SLUSCC7C July 2016 – June 2018 TPS546C23
Without the requirement of an external clock, the SYNC pin of the PWM-loop master device can be configured as SYNC-OUT and output a 50% duty-cycle clock to the slave device. The slave device is then synchronized to the falling edge of the clock applied to the SYNC pin. Both the loop master and slave devices require an RT resistor to set the free-running frequency. Figure 27 shows the simplified schematic for this configuration. For the loop slave device in a 2-phase configuration, the SYNC pin is always configured as SYNC-IN, and is synchronized to the falling edge of the incoming clock on the SYNC pin. Figure 28 shows the timing for phase interleaving.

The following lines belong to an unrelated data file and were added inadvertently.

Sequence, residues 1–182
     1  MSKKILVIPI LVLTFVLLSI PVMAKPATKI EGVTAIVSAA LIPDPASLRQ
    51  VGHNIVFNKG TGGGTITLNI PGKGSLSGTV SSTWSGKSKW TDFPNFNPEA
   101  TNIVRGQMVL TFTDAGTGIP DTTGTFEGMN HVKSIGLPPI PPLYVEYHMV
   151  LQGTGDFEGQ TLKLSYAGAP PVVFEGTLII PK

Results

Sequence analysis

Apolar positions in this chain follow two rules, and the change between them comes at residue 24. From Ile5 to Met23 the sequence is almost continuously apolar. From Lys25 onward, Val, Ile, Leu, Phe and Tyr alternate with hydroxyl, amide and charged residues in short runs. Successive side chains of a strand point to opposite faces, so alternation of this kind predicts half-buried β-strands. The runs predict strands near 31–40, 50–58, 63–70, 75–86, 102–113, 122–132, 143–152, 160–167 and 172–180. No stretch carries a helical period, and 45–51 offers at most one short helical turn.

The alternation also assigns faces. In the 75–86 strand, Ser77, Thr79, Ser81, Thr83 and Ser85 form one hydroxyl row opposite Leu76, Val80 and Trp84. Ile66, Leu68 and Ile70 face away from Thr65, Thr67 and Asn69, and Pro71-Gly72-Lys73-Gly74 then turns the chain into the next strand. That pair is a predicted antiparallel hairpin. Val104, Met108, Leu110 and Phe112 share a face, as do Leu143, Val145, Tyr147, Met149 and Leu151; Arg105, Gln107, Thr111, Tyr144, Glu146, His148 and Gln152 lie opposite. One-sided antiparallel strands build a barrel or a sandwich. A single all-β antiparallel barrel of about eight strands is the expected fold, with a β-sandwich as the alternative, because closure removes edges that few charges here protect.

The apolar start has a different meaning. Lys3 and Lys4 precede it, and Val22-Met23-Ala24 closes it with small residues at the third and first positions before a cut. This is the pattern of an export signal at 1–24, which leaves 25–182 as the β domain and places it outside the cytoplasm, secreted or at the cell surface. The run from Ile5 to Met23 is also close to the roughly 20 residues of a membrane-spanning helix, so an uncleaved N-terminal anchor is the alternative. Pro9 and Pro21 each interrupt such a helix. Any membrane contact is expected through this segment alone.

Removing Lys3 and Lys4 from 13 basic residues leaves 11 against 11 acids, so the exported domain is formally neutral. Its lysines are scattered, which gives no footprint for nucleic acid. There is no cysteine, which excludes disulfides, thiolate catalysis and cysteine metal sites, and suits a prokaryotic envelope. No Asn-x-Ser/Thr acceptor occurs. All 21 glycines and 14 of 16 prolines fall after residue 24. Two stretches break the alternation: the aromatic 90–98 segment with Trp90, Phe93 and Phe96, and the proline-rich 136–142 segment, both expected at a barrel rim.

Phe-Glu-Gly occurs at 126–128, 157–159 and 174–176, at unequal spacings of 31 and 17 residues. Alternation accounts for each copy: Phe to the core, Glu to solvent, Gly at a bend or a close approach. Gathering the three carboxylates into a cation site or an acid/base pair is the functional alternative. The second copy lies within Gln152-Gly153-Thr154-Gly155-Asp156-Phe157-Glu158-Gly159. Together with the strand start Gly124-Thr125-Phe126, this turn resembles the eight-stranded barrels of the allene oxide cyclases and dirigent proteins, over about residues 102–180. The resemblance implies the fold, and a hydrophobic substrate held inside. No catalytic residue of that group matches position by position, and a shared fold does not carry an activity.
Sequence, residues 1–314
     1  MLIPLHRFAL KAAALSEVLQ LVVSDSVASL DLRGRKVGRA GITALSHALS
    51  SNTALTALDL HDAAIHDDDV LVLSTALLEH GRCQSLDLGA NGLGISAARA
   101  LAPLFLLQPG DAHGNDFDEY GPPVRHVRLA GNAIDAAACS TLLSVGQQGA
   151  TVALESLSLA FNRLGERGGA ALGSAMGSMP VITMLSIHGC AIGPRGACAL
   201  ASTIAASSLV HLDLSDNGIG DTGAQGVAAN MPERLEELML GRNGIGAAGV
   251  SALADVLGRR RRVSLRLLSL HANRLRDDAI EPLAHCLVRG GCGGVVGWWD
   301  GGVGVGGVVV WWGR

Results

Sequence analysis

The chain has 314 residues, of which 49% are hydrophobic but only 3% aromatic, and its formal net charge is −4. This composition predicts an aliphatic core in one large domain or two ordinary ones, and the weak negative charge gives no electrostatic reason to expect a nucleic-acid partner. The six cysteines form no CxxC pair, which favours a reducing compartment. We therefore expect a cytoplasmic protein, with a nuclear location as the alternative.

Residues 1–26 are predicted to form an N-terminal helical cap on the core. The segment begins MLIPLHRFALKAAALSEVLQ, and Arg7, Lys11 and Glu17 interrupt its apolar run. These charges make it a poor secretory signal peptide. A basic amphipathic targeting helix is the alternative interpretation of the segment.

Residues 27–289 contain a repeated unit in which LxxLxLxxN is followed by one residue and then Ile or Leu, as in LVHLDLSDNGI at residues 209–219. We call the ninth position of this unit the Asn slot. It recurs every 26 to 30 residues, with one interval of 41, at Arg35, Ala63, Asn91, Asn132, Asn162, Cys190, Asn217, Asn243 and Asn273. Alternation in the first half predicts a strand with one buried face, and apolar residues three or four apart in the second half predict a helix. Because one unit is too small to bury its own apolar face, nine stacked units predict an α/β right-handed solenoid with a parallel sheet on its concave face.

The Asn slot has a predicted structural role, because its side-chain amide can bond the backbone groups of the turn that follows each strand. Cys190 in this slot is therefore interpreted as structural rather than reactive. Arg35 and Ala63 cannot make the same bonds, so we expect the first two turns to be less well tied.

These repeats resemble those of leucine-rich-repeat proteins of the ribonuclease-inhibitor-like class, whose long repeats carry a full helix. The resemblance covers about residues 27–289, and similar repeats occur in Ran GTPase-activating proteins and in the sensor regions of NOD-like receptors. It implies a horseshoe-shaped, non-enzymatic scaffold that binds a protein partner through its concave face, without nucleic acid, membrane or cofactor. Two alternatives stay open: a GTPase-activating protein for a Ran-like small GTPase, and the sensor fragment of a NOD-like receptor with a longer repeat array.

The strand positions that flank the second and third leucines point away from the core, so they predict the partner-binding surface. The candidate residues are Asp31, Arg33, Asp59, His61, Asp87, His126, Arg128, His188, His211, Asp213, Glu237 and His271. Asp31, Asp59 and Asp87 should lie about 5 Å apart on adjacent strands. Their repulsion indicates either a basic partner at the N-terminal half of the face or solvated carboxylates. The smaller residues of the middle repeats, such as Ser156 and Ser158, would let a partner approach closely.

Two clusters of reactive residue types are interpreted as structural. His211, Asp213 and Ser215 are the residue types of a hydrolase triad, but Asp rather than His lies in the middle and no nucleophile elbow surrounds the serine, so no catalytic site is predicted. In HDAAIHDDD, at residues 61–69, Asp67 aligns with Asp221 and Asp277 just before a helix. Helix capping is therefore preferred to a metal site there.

An external clock can optionally be applied to both the PWM-loop master and the slave device to synchronize the stack. Only 50% duty cycle of the external clock can be applied to the 2-phase stack to realize the interleaving of two phases. The loop master automatically (auto) detects if an external clock is available for synchronisation. One clock master can also sync another stack as shown in Figure 29. When the auto detection determines the clock master and clock slave, the configuration cannot change until AVIN power cycling.
The EEPROM setup (FORCE_SYNC_IN Bit and FORCE_SYNC_OUT Bit) overrides auto detection of the SYNC pin. Therefore, if the FORCE_SYNC_OUT Bit is set to 1, the user should not apply the external clock to SYNC pin, which may cause catastrophic damage to the device. The FORCE_SYNC_IN Bit has higher priority than the FORCE_SYNC_OUT Bit. Neither the FORCE_SYNC_IN Bit nor the FORCE_SYNC_OUT Bit are set as a factory-default setting.